The official UFC rankings - Why so serious?


The official UFC rankings are a common topic of discussion for fans and media alike. But why are they taken so seriously?

I think you know me by now - I'm Tim Burke, member of the official UFC rankings panel. I usually pop in here every couple of weeks to rip other panelists for their lack of judgement, or I rail on about some insignificant ranking that grinds my gears. Today, I'm not going to do any of that. Instead, I'm going to tell you why I don't give a damn about Nate Diaz or any other fighter being dropped from the rankings. The reasoning is simple - while I care about performing a task to the best of my ability, the overall mechanisms behind the system aren't worth getting in a huff about in my eyes.

The UFC rankings were created for one innocent purpose according to the UFC - to give casual fans more of a rooting interest in a lot of fighters. When they're flipping through channels and they see # 3 vs. # 4, it looks important. Much more important than just two names they may know in passing, or not at all. So maybe they stick around Fox Sports 1 for more than a fleeting second and check it out. Seems pretty simple, right?

Obviously there were other real reasons for the creation of the rankings though. One, as my esteemed colleague John Nash pointed out to me, is the effect of devaluing the credibility of fighters in other promotions if the fans are just focused on official UFC rankings. Another is the "help" it could potentially give to the matchmakers. And the final reason is perhaps the most important - it can be used for political purposes. Putting guys in the dog house, perhaps. Or for contract negotiations and such. Like it is here.

The final reason has been apparent for a long time now and didn't just kick off with Nate Diaz being bounced from the rankings because he wants a new contract. Many fighters have been removed from the rankings over the past few months - Martin Kampmann, Alan Belcher, T.J. Grant, and Antonio Rodrigo Nogueira are just some of the names. They ostensibly did this for transparent reasons - fighters going into semi-retirement, or being out for a long time due to injuries. But one was removed from the rankings a few days after he fought, basically because he had the audacity to say he needed some time off - Georges St-Pierre. That was strictly political, despite what the powers that be might tell you.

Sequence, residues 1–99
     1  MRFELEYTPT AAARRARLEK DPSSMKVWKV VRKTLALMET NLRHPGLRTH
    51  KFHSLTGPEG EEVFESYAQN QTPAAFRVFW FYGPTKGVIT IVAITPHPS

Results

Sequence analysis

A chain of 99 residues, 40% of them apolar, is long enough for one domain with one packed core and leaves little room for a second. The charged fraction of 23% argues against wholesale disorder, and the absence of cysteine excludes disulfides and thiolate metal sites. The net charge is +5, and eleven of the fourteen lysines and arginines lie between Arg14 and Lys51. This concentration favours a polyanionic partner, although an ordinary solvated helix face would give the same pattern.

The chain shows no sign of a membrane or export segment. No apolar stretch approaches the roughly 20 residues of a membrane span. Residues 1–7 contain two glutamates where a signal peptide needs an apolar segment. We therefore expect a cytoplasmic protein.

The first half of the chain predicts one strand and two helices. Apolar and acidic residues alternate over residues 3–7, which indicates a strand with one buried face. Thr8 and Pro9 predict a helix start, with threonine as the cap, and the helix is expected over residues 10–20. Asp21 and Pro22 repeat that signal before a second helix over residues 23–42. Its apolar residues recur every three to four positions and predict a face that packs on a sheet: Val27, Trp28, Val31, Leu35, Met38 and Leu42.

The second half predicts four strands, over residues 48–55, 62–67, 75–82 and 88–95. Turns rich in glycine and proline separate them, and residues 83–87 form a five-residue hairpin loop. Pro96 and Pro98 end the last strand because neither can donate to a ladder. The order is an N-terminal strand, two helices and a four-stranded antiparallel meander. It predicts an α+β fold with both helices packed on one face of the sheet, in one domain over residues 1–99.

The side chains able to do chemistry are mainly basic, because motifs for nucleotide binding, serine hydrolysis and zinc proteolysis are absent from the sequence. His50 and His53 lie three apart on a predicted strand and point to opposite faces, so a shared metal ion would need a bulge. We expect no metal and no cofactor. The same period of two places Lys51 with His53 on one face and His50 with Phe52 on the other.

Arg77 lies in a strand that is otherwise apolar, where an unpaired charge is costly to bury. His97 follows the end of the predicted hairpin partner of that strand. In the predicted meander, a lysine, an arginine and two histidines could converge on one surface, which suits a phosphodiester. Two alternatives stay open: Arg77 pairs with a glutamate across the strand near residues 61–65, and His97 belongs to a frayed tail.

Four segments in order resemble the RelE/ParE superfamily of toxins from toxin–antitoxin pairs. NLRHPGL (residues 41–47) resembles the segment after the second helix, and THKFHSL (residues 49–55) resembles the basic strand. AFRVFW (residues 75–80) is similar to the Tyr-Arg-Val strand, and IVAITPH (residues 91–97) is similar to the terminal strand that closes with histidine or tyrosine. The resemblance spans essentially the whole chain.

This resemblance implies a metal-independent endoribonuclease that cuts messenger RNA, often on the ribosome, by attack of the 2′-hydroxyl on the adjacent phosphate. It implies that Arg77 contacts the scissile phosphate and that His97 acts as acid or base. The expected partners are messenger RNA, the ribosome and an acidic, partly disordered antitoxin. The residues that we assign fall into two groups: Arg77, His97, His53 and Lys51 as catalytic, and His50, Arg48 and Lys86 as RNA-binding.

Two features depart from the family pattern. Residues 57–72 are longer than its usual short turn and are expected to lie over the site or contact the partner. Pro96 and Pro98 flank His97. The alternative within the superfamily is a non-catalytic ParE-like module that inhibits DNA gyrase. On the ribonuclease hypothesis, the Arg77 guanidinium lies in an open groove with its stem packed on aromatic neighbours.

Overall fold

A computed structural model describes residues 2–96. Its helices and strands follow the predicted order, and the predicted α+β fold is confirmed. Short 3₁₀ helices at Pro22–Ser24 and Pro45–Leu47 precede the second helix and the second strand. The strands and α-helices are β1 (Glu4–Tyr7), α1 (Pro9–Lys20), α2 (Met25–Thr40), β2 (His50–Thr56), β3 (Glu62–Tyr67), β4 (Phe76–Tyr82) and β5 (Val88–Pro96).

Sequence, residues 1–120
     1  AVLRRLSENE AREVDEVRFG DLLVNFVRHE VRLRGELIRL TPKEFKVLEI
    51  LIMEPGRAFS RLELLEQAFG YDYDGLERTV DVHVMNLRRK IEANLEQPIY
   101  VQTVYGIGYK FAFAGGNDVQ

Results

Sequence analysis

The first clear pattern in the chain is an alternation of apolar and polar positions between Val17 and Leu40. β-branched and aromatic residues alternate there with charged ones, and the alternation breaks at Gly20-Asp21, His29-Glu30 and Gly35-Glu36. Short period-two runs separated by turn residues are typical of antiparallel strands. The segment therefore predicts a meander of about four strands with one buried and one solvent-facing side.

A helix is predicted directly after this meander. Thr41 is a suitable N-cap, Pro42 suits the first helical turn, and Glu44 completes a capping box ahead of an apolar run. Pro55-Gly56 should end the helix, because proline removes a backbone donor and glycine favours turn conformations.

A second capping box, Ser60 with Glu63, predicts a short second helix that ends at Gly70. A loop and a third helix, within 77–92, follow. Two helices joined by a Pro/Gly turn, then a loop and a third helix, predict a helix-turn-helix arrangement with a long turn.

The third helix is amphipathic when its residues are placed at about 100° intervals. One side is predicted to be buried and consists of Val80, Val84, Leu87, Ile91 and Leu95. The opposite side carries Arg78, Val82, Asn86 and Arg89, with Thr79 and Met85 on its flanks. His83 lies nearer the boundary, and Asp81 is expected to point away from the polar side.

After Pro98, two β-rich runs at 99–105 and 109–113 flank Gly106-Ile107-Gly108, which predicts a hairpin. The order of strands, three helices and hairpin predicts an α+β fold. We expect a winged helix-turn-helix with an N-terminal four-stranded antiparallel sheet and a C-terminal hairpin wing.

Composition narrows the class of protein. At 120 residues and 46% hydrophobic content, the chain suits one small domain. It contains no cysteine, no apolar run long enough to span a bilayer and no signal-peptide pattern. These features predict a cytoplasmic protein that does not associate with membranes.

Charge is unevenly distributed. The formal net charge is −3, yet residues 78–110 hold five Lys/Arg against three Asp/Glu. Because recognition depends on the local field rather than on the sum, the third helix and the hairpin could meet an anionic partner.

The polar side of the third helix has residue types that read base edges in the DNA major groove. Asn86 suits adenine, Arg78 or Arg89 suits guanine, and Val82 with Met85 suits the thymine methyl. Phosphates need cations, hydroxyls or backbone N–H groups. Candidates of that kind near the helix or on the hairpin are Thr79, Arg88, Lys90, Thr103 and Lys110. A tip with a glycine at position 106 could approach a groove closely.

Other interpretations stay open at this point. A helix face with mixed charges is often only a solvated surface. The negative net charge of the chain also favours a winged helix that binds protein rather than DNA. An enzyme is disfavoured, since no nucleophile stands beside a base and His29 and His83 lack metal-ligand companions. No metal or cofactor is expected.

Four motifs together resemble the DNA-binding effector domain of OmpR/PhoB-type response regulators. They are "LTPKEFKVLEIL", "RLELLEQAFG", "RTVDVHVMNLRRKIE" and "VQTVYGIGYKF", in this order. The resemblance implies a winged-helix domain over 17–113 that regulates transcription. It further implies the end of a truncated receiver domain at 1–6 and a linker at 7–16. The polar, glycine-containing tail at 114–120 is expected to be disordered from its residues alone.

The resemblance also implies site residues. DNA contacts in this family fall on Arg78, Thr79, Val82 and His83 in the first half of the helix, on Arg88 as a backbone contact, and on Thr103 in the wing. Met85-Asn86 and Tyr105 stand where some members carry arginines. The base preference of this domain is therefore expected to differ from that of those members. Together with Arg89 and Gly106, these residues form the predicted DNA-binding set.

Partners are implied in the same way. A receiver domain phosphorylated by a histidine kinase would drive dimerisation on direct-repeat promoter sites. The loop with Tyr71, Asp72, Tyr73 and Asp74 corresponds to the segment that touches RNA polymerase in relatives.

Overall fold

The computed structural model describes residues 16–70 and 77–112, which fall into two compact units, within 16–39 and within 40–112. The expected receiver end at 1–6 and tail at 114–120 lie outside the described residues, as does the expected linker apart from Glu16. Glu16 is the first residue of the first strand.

So where am I going with this? Well, biggest thing that people like to focus on is that the rankings are ultimately controlled by the UFC itself, which is seen as a conflict of interest. It's why a certain batch of media members won't participate in it. That's their prerogative. It's also why a lot of fans don't like the rankings - they think they're a joke.

Well guess what, folks - you shouldn't have taken them that seriously in the first place!

That probably sounds stupid and hypocritical coming from me considering how much I write about them. But I generally write from the perspective that if you signed up for them, at least try to do your damn job correctly. That's just how I am. In the overall picture though, I know and understand that it's overseen by the promotion and they ultimately make the rules. I'm not conveniently ignoring that. I know I'm participating in a tool that Zuffa can use for whatever purposes they see fit. And I'm okay with that, and will continue to be a panelist as long as they'll have me. You know why?

Because it's not that important to me in the grand scheme of things.

I don't get paid to do it. I don't get free tickets, or face time with fighters, or Pride shirts. I don't get anything out of doing it other than entertainment value. I do it because I enjoy it. That's it. If you feel like I'm damaging my credibility by admitting all of this, that's up to you. If you think I'm being a Zuffa shill by not wanting to burn them at the stake for playing politics with something, that's your right. But I'm just trying to be honest.

If you didn't understand how the system worked before, for better or worse, you should get it now. So if you want to spend your time shouting down the UFC in support of a Diaz brother, have at it. I won't be out on the picket line with you though, because I ultimately can't find the energy to care about something so irrelevant.

It's just politics.

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